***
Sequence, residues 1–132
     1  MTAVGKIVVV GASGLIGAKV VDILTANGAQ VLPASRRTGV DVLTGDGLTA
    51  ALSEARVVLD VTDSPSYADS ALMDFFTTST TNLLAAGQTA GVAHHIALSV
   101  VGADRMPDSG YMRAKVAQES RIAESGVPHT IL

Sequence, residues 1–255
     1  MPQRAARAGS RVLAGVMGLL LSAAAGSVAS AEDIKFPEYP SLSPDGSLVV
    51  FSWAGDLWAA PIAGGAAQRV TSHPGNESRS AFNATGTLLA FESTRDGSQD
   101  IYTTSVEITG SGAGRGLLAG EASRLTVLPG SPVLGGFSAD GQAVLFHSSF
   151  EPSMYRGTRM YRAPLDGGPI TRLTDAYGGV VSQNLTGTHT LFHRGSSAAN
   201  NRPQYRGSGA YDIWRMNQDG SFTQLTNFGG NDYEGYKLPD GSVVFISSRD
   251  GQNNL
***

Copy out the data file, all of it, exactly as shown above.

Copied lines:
Sequence, residues 1–132
     1  MTAVGKIVVV GASGLIGAKV VDILTANGAQ VLPASRRTGV DVLTGDGLTA
    51  ALSEARVVLD VTDSPSYADS ALMDFFTTST TNLLAAGQTA GVAHHIALSV
   101  VGADRMPDSG YMRAKVAQES RIAESGVPHT IL

Sequence, residues 1–255
     1  MPQRAARAGS RVLAGVMGLL LSAAAGSVAS AEDIKFPEYP SLSPDGSLVV
    51  FSWAGDLWAA PIAGGAAQRV TSHPGNESRS AFNATGTLLA FESTRDGSQD
   101  IYTTSVEITG SGAGRGLLAG EASRLTVLPG SPVLGGFSAD GQAVLFHSSF
   151  EPSMYRGTRM YRAPLDGGPI TRLTDAYGGV VSQNLTGTHT LFHRGSSAAN
   201  NRPQYRGSGA YDIWRMNQDG SFTQLTNFGG NDYEGYKLPD GSVVFISSRD
   251  GQNNL